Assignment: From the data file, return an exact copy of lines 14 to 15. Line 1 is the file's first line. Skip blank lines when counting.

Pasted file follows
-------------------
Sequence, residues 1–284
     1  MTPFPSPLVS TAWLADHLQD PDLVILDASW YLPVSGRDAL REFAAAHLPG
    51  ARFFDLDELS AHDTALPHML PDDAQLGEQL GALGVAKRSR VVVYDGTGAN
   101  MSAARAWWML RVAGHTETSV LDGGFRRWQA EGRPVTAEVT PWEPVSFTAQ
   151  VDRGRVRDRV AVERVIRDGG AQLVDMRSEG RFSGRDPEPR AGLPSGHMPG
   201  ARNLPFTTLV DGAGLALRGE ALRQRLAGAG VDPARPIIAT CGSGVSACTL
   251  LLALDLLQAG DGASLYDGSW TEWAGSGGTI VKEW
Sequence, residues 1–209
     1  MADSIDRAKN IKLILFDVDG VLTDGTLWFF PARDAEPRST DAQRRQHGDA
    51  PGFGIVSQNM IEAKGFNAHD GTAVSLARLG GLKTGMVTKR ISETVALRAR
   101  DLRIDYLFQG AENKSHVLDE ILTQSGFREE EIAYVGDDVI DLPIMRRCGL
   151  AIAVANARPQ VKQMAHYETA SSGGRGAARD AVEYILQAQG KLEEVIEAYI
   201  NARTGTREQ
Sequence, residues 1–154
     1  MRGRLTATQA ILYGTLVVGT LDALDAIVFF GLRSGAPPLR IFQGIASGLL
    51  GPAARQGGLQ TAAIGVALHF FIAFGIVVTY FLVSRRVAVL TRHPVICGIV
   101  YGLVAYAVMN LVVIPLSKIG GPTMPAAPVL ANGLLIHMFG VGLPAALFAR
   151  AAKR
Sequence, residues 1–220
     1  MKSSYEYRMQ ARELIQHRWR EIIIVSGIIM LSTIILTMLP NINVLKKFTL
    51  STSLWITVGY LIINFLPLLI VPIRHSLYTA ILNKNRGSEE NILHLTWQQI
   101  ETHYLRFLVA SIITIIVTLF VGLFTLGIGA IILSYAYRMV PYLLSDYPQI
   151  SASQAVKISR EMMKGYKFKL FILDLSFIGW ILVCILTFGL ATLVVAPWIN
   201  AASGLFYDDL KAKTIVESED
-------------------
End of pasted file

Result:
Sequence, residues 1–154
     1  MRGRLTATQA ILYGTLVVGT LDALDAIVFF GLRSGAPPLR IFQGIASGLL